4. Prof FX Gumby-

    “Spciation” is an ambiguously, at best, defined term.

  5. 5

    Regarding extinction, as far as I see it, I would say that the mechanism by which speciation occurs is all important when it comes to preservation (however “speciation” is defined). Darwinism maintains that speciation occurs randomly through mutation, or gene transfer, or whatever, which implies that species are unique and once they are gone they are gone forever. ID, however, might suggest that speciation occurs because life is programmed to do so given certain environmental inputs. If this is the case, then I would expect that, once a species goes extinct, there could be a good chance that that particular species might emerge again from some animal of the same genus, or family (or maybe even phylum?). The whole issue of convergent evolution and rapid speciation causes me to suspect this might be the case. And if this is indeed the case, maybe all our conservation efforts are for no good reason at all (to an extent)? Also, if this is true, I would be interested to see if the dodo or mammoth makes a comeback after a few thousand years.

    I’m not saying that we shouldn’t bother with protecting rhinos, elephants and tigers, but it would certainly help certain people feel better about letting that stupid smelt in California go extinct.

  6. M Holcumbrink at 5, perhaps we could usefully think in terms of preserving ecologies rather than species. For example, where there is lush vegetation, we need deer to eat it. Where there are deer, we need coyotes, so at least some vegetation persists. Where there are coyotes, we need a wolf pack or two to scare the coyotes into abandoning their plans to run the world. Where there are wolves … well, you’ve heard the expression “jealous as a wolf”. Seems they police their own numbers quite a bit that way.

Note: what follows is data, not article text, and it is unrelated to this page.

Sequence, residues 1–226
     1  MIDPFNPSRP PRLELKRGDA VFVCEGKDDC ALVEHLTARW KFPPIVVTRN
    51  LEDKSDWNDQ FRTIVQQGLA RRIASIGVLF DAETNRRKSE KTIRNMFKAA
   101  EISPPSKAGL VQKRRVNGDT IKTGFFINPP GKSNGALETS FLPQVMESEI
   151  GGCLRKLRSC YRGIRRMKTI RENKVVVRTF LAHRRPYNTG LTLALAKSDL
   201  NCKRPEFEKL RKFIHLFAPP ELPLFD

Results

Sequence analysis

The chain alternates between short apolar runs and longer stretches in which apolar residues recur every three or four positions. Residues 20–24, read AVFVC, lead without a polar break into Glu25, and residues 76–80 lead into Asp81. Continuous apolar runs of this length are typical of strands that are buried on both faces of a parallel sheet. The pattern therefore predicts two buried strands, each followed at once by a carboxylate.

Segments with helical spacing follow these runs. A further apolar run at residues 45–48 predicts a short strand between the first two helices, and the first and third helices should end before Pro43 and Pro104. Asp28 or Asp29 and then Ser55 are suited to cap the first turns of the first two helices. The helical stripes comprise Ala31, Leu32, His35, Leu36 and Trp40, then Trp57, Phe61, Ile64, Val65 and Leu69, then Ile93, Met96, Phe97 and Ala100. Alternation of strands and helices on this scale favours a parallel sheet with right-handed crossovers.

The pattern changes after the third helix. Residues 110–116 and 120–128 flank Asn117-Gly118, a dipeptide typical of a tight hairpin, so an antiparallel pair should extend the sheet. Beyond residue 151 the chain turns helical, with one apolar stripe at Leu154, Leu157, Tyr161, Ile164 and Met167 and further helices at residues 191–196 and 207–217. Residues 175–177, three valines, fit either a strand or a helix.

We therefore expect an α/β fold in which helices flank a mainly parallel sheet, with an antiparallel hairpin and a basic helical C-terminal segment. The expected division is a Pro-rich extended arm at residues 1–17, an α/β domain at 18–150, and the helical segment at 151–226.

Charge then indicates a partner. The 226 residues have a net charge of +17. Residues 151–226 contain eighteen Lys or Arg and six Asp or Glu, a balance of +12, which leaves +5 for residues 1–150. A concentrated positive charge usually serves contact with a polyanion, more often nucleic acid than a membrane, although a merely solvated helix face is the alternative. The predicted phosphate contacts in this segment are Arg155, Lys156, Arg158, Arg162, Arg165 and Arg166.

Now suppose we look at the whole lot together, not separately. If any one went extinct, the system would change very drastically, probably in the direction of reduced biomass.

    On the other hand, if someone is shaking the can for one in particular of 50 000 tropical beetles (one that is thought to be going extinct), I would suggest that the best solution is to grab a bunch of them and make a cottage industry of raising them for zoos, education centres, and private insect hobbyists.

    It’s really a question of which efforts are really preventing a degradation of the ecology and which are simply the same motivation by which we preserve historic buildings. A good motivation, but a different one.

  7. 7


    European nature conservation is backed by the Habitats Directive, which designates special areas of conservation based on the presence of habitats that are rare and declining in Europe as well as species. I’m not sure how it is in Canada, but I’ve long thought the USA needs a similar system. Using the Endangered Species Act as a crutch often leads to trivialisation of the issue. Jobs vs. owls anyone?

Leave a Reply